By Wesley Hackenberg
By Wesley Hackenberg
With the presidential election approaching in November, the amount of publicity each candidate is receiving, good and bad, is steadily growing each week.
After the announcement of Gov. Sarah Palin and Sen. Joe Biden as the vice presidential nominees, they became more important to the presidential campaigns, than those in previous elections.
Recently, CNN aired two one-hour documentaries on each vice presidential candidate. The stories covered their personal lives, past scandals, and accomplishments, and finally built up to their involvement in today’s politics.
It is easy to see why many people think the coverage is too extensive, but if you take a minute to reflect on the important role these people could potentially play in our lives, it is justifiable.
Take, for example, our current administration with George Bush and Dick Cheney, and the impact they have made on our nation.
Though Bush is the brains – or lack thereof – of the operation, Cheney has had an enormous amount of influence on the direction our country has been going.
I have never heard of a vice president that has exercised so much individual power and administrative involvement.
While we are in classrooms and spending time with friends, Cheney is meeting with presidents of Israel and Pakistan and pointing fingers at Russian authority for having “larger objectives.”
Now with a war in the Middle East, a debt increasing quickly into the trillions and a market slipping away into the black hole of confusion, we don’t need to be provoking unnecessary battles with one of the strongest powers on this planet.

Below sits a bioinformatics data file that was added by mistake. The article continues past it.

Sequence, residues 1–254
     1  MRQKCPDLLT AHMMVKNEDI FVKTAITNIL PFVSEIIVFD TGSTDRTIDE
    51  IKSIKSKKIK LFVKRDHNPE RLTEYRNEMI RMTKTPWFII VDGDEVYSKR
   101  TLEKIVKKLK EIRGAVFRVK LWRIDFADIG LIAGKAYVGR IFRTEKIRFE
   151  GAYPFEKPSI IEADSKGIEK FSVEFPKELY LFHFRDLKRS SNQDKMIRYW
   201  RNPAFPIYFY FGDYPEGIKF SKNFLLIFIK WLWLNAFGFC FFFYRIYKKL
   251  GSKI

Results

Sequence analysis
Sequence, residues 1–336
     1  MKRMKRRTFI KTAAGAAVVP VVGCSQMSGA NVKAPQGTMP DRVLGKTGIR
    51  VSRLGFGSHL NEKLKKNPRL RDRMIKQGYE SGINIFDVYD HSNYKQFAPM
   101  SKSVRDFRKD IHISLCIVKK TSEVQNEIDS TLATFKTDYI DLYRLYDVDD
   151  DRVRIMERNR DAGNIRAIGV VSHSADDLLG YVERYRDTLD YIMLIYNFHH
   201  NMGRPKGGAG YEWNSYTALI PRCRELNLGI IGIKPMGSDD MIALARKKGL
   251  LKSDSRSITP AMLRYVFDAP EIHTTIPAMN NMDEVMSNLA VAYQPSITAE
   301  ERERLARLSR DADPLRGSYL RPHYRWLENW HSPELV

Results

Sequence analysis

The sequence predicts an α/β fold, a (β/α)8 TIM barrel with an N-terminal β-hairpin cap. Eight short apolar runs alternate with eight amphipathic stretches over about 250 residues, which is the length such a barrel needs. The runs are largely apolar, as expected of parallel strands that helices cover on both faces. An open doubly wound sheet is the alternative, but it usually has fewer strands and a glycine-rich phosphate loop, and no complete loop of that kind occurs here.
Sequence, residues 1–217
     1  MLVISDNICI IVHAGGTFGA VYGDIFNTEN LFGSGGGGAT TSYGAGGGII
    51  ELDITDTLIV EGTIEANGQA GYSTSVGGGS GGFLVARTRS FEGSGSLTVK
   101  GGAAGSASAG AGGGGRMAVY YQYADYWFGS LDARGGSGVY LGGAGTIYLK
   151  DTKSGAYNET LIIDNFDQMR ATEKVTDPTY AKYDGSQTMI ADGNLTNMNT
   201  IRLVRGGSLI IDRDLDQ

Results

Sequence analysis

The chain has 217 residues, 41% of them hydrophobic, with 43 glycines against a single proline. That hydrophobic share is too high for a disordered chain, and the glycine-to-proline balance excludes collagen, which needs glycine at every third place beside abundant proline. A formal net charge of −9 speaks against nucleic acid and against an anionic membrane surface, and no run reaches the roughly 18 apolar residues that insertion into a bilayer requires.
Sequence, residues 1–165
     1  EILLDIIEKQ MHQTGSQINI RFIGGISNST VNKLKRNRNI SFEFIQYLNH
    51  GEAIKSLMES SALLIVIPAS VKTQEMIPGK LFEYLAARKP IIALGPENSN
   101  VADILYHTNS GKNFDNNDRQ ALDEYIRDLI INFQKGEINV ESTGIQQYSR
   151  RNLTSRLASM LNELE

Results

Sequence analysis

This is why we need to closely analyze the successor to this office that we are all ready to take in a different direction.
With a revolutionary election upon us, being informed about our candidates should be very important to us, encouraging us to absorb all of the information we can.
For example, there is an ongoing argument about John McCain’s being treated for melanoma, where he may not be around to serve his four-year presidential term, if elected.
Now, if anything were to happen to the aging, brittle McCain, this relatively unknown “hockey mom” from Alaska could very well be the first woman president of the United States of America.
Many people question if Palin is experienced enough to handle the position she is pursuing.
As a full-time mother of five with the second-oldest expecting a child, and the youngest a 5-month-old diagnosed with Down Syndrome, people are asking whether Palin is equipped to take on the additional responsibilities of becoming our nation’s vice president.
The other, perhaps more promising, contender for vice president, is Biden, the running mate of Sen. Barack Obama.
Biden is the less publicized of the two candidates, because he has no current controversy working against him.
Even so, the senator has more experience alone than Palin and Obama combined.
Biden was elected to the senate at 30 years old, the minimum age requirement to serve. He became the fifth youngest senator in the history of the U.S., and has served for 35 years.
In 2008, Biden attempted to run for president for the second time. In 1988 he dropped out after the Iowa caucuses did not result in his favor.
The presidential race is not just blue against red anymore; one man versus another. It is a team effort.
This “team” will decide our fate as Americans.
The leader will determine the direction of the nation, and the second in command will help to guide that decision.
Could you believe in a government if you knew only half of its rules, half of its values and half of its thoughts?
When considering the coverage of vice presidential candidates, it is obviously much more beneficial to be knowledgeable than ignorant, if to gain nothing more than the truth.
When going forward to cast your vote this November, do your homework, so that you can trust that the team you choose is worthy of your confidence.